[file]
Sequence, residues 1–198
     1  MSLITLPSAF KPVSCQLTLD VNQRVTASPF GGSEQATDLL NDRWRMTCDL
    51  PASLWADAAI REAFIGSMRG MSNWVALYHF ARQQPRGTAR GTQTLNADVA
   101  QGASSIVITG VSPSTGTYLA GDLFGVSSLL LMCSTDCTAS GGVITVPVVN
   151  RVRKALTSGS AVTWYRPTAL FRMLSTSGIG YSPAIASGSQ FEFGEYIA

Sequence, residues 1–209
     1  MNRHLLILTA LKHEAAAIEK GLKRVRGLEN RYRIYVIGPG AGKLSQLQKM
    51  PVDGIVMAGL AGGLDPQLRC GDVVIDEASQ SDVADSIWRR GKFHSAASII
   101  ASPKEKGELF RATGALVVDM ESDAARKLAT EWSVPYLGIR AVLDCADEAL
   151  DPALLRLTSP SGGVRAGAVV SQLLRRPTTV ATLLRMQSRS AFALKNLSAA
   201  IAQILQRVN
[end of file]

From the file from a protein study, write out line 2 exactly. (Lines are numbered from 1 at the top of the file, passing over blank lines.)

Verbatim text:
     1  MSLITLPSAF KPVSCQLTLD VNQRVTASPF GGSEQATDLL NDRWRMTCDL